Midori Snyder, |
Midori Snyder turns to Renaissance Italy for the setting for The Innamorati, a lush, enchanting tale with more twists and turns in the plot than the maze at the novel's center.
They come to the city Labirinto from all over Italy, bringing to its maze their curses, sins and sorrows. Not everyone is admitted through the heavy wooden gates, and no one knows who will be chosen, or why. Snyder tells the story of a group of those who do.
Among them are Anna Forsetti, a maskmaker whose work has lain fallow for years, and by her 16-year-old daughter Mirabella, who has grimly accepted as her lot the task of taking care of the day-to-day details. Roberto, Anna's patron, follows them there, hoping to win Anna's heart.
Simonetta, a woman who became a prostitute after losing her family, is another sojourner to the maze; although she originally wanted to rid herself of the curse of aging, she finds herself fleeing for her life. She is followed by Rinaldo, a swordsman cursed to love violence but who loves and hates Simonetta equally well.
Fabrizio is an actor with a stutter, and he accompanies Erminia, a siren who has lost her voice and her home and hopes to regain it in the maze. While on land, she resembles a rough goatherd; only in the sea is her true form revealed.
From Labirinto itself the maze draws in Zizola, a beggar girl; Giano, a rogue who is also servant to Lorenzo, a poet turned lawyer. The stories of all the pilgrims become intertwined as they negotiate the mysterious and magical maze.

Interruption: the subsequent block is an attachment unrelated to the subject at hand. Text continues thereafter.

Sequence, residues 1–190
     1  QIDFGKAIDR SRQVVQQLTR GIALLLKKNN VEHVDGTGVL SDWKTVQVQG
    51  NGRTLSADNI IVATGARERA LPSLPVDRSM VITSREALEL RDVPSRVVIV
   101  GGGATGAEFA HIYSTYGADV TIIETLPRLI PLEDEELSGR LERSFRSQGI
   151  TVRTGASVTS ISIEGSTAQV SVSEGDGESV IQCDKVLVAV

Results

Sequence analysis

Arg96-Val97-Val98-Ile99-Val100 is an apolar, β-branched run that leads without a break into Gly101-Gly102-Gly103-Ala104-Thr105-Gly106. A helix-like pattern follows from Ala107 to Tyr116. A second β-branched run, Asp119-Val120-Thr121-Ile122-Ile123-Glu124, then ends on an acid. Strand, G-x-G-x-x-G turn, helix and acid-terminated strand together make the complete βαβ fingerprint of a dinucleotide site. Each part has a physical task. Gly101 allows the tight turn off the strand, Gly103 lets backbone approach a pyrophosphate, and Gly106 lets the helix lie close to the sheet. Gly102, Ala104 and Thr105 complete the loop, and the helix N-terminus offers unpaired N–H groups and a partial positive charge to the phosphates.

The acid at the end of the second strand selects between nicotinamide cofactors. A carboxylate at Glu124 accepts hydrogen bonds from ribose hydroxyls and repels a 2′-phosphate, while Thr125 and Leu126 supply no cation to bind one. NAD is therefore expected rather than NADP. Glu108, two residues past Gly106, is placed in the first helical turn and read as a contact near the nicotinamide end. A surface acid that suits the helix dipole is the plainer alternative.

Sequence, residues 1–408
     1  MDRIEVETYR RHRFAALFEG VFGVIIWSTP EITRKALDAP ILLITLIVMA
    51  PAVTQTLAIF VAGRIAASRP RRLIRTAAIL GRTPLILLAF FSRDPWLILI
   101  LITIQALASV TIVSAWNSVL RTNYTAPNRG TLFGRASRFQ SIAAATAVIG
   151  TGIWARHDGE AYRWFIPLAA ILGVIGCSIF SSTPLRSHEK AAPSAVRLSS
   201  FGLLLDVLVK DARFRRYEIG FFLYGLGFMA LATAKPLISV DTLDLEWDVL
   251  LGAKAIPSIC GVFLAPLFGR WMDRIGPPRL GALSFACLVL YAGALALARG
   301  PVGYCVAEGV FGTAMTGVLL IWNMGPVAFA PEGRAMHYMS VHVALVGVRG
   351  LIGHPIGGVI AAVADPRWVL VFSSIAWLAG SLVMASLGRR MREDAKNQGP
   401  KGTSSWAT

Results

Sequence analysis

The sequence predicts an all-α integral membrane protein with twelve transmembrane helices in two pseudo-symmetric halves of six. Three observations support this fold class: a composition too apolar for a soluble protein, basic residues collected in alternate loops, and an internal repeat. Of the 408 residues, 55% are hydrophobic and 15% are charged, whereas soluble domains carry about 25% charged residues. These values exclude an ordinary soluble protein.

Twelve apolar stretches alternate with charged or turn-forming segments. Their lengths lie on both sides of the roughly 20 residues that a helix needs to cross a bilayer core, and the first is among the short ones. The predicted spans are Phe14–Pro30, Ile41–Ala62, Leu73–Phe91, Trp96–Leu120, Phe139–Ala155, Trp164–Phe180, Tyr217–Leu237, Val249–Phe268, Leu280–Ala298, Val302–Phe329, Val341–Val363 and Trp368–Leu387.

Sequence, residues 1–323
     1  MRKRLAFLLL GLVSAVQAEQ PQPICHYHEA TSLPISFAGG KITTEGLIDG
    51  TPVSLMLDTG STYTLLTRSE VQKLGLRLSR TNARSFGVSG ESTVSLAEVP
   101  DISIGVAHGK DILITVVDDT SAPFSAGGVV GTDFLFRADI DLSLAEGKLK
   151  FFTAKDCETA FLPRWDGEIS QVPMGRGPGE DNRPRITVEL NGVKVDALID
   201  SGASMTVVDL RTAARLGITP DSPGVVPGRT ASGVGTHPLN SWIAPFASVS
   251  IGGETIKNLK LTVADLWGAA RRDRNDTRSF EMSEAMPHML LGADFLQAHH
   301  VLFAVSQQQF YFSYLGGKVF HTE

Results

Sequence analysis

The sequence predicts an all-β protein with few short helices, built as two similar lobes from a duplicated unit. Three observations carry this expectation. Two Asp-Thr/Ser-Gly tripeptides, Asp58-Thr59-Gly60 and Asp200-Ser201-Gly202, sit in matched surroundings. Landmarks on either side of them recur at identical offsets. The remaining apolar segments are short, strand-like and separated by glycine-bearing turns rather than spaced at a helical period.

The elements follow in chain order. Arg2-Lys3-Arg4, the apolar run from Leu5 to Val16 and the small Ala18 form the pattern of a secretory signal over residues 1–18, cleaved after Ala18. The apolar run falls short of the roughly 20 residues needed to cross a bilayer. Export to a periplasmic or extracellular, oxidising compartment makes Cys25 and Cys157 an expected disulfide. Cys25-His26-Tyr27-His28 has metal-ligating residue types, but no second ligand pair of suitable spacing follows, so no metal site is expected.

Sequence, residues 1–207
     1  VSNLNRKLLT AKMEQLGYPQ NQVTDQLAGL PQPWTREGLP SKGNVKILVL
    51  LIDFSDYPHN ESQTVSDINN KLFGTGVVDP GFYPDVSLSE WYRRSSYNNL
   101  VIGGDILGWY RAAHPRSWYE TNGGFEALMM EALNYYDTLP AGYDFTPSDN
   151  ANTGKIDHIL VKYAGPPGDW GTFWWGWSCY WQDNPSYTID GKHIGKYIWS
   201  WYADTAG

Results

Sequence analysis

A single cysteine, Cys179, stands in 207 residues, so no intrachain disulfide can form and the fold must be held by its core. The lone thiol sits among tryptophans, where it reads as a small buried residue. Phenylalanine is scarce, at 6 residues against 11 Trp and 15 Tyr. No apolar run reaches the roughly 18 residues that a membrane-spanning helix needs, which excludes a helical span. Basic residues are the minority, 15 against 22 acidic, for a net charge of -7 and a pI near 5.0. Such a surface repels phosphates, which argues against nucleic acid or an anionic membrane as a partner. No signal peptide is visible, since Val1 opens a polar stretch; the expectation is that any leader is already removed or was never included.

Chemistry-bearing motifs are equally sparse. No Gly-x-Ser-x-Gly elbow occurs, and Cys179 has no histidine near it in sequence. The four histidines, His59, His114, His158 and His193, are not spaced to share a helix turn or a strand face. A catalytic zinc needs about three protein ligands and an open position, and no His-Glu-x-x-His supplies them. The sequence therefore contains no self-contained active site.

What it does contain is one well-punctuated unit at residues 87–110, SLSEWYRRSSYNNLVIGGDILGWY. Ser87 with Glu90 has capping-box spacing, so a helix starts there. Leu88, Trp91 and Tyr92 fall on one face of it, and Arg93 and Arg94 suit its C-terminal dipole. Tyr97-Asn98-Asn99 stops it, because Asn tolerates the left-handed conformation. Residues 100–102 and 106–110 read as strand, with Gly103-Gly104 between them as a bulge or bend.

Central to the plot are the characters of the Commedia dell'Arte theater such as Panteleone, the doddering buffoon, the pedantic Il Dottore, Arlecchino the fool, braggart Il Capitaine and others. All of these characters are portrayed through the use of masks which provide the characters and the actors with a kind of "signature." The only characters who go unmasked are the Lovers -- the Innamorati.
Snyder uses this device with remarkable effectiveness. Masks and mysteries and secrets abound; the characters sometimes wear real masks, sometimes imaginary ones imposed by the individual: Lorenzo assumes the mask of the dry scribing lawyer at the violent death of his wife, one of the sources of his poetry, while Anna's work is blighted by the outcome of a love affair. Only when they strip away the emotional masks and confront the world with naked faces can they all unravel the riddle of the maze.
The novel is complex and multi-layered. Nothing is as simple as it seems, and events are constantly overlapping and entwining, although they are never forced to do so -- it is as if Snyder cast a handful of seed into fertile ground and allowed them simply to grow. The many layers of the plot are mirrored in the identities of the characters as they make their way to the maze's core as well as to their inner core. For all its complexity, however, the plot never lags, and Snyder maintains the suspense expertly.
Snyder's writing is a feast for the senses. Whether describing the food, the sensations of sea water on skin, the stink of sewage in the streets and everything in between, Snyder creates vivid sensory images without overwriting. The novel is frankly sensual -- few authors can write as erotically as Snyder -- as well as scatological, but nothing is gratuitous.
I am hesitant to claim that there is such a thing as the perfect book, but this one comes pretty close. Like good food and good sex, The Innamorati satisfies the reader on all levels.
[ by Donna Scanlon ]